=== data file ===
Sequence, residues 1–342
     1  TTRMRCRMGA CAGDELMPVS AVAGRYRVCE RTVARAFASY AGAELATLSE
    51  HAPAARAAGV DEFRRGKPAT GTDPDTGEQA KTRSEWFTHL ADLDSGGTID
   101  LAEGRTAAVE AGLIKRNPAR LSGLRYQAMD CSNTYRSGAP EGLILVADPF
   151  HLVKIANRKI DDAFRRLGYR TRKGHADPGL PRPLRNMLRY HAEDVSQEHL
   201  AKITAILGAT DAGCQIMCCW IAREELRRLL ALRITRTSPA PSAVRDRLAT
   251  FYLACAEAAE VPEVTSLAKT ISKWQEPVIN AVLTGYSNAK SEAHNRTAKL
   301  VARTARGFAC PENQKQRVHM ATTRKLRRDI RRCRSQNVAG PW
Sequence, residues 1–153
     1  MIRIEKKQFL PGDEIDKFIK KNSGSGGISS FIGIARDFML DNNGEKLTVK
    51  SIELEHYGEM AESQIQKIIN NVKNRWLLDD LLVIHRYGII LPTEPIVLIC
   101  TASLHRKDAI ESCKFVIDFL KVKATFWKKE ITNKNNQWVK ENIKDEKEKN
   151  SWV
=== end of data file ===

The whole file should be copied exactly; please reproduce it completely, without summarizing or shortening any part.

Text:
Sequence, residues 1–342
     1  TTRMRCRMGA CAGDELMPVS AVAGRYRVCE RTVARAFASY AGAELATLSE
    51  HAPAARAAGV DEFRRGKPAT GTDPDTGEQA KTRSEWFTHL ADLDSGGTID
   101  LAEGRTAAVE AGLIKRNPAR LSGLRYQAMD CSNTYRSGAP EGLILVADPF
   151  HLVKIANRKI DDAFRRLGYR TRKGHADPGL PRPLRNMLRY HAEDVSQEHL
   201  AKITAILGAT DAGCQIMCCW IAREELRRLL ALRITRTSPA PSAVRDRLAT
   251  FYLACAEAAE VPEVTSLAKT ISKWQEPVIN AVLTGYSNAK SEAHNRTAKL
   301  VARTARGFAC PENQKQRVHM ATTRKLRRDI RRCRSQNVAG PW
Sequence, residues 1–153
     1  MIRIEKKQFL PGDEIDKFIK KNSGSGGISS FIGIARDFML DNNGEKLTVK
    51  SIELEHYGEM AESQIQKIIN NVKNRWLLDD LLVIHRYGII LPTEPIVLIC
   101  TASLHRKDAI ESCKFVIDFL KVKATFWKKE ITNKNNQWVK ENIKDEKEKN
   151  SWV